By Harihar Swarup
This is not for the first time that Supreme Court judges have aired their grievances publicly, but the way four senior most judges of the apex court revolted against the functioning of the Chief Justice is unprecedented.
Justice JS Verma spoke in late nineties on things ailing the judiciary. But that was in general terms. Some time back, Justice C-S Karnan, a sitting High Court judge, went public even to the extent of sentencing Supreme Court judges to jail for what he viewed as violating the SC/ST (Prevention of) Atrocities Act. Justice Kehar was the Chief Justice. Justice Karnan acted alone. He ended up being the first sitting judge to be held guilty of contempt and jailed.
The most contentious time was in the 1970s, when the idea of committed judiciary that Indira Gandhi and her team spoke of, was almost secured. The appointment of Justice AN Ray as Chief Justice in April 1973, superseding three senior judges, was meant to be an all time low in how judiciary was sought to be managed.
Last week’s unprecedented press conference by four senior most Supreme Court judges—Jasti Chelameswar, Rajan Gogai, Madan B Lokur and Kurian Joseph—against the Chief Justice exposed the deep cracks in this constitutional pillar.
The present crisis involves mainly the contention on how judicial business should be conducted. The extraordinary movement of four justices in making public a letter addressed to the CJI in November 2017, and assorted observations at the press conference, were unusual judicial happenings. At that conference, Justice Chelameswar said that “less than desirable things have happened” and the protesting justices vainly tried to persuade the CJI to take “remedial measures”.
The letter released at the press conference spoke of the ways, in which “the overall functioning of justice delivery system”, worked, the “independence of the high courts”, and how the functioning of the office of the CJI has been “adversely affected”.
A situation where four senior-most justices went public to express their discontent with the present CJI’s exercise of authority to constitute Benches raises grave constitutional questions. Undoubtedly, the chief justices, whether of high courts or the Supreme Court, have the power to order roaster. The question is whether that power is coupled with a constitutional duty to follow certain conventions. Obviously, there are few: Chief justices have a primary duty of accountability to Brother Justices, the Bar, and a general obligation through the Bar to the litigating public and people at large.
But when a letter by four senior justices has been ignored for about two months, is going public with a copy of that letter and holding even a press conference unjustified? On this question opinion varied. Some have lauded this step as heroic while the others regard this as “sheer trade union tactics”, and some even say the step was extremely unfortunate but now some institutional solidarity should pave the path ahead.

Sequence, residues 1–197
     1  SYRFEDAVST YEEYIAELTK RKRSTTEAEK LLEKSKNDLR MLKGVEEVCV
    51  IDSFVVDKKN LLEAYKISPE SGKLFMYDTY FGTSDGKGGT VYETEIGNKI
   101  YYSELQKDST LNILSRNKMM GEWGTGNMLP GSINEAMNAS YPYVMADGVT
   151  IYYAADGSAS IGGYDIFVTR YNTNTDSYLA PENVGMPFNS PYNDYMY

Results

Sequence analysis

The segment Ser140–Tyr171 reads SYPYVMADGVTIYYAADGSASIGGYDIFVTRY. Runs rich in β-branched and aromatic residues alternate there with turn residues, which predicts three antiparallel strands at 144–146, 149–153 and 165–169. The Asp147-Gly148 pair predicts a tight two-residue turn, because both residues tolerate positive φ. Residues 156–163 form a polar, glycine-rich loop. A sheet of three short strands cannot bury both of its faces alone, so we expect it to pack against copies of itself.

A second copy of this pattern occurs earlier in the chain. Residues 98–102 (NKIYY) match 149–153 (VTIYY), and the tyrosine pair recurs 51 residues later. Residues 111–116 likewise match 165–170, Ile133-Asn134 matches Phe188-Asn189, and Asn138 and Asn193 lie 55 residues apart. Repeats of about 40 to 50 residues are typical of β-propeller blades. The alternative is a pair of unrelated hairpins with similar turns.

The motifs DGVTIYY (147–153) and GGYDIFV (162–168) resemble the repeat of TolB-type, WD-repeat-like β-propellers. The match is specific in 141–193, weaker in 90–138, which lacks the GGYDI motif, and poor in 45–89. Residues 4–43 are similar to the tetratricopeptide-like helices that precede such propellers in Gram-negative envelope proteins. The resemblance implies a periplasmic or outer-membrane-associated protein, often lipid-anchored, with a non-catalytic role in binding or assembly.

The immediate provocation, however, is the allegedly arbitrary use of the administrative powers of the CJI to predetermine the outcome of politically sensitive cases. The present impasse arises amidst a sense of creeping authoritarianism, characterized by a callous disregard for constitutionalism.
Week-long efforts by future CJIs and other judges have failed to bridge the chasm between present CJI Deepak Misra and four senior-most judges of the Supreme court, The CJI did not agree with the “grievances” they had articulated at the press conferences.
Led by Justice Chelameswar, the “rebels” who include Justice Rajan Gogoi, Madan B Lokur, and Kurian Joseph, met the CJI for this second time this week on Thursday to contain the damage the institution has suffered after they publicly vented their grievances against what they called serious irregularities on the administrative side of the apex court, especially assigning of “politically sensitive” cases to “select benches” headed by “junior judges”.
The 10-minute meeting saw the four telling the CJI to publicly acknowledge their grievances and make a statement that he would look into the grievances and set up a committee of judges to devise a mechanism for transparency in allocation of cases to benches.
On his part the CJI reiterated his earlier statement that he would look into their grievances but remained disinclined to hold a press conference or publicly acknowledge their grouse. After the meeting the CJI and other judges commenced their scheduled judicial business and heard listed cases.
However, in the afternoon, Justice Chelameswar left Delhi, ending further meeting between the CJI and four judges during the week-end. The outcome of the meeting was clear that the stalemate is not going to be over. CJI Dipak Misra is in no mood to call the media to publicly acknowledge the grievances aired by the four senior most judges as this would amount to admitting that he was in the wrong. The CJI believes he strictly followed the beaten track in assigning cases and adhered to a recent five-judge Constitution bench ruling that the CJI was the master of roster. (IPA Service)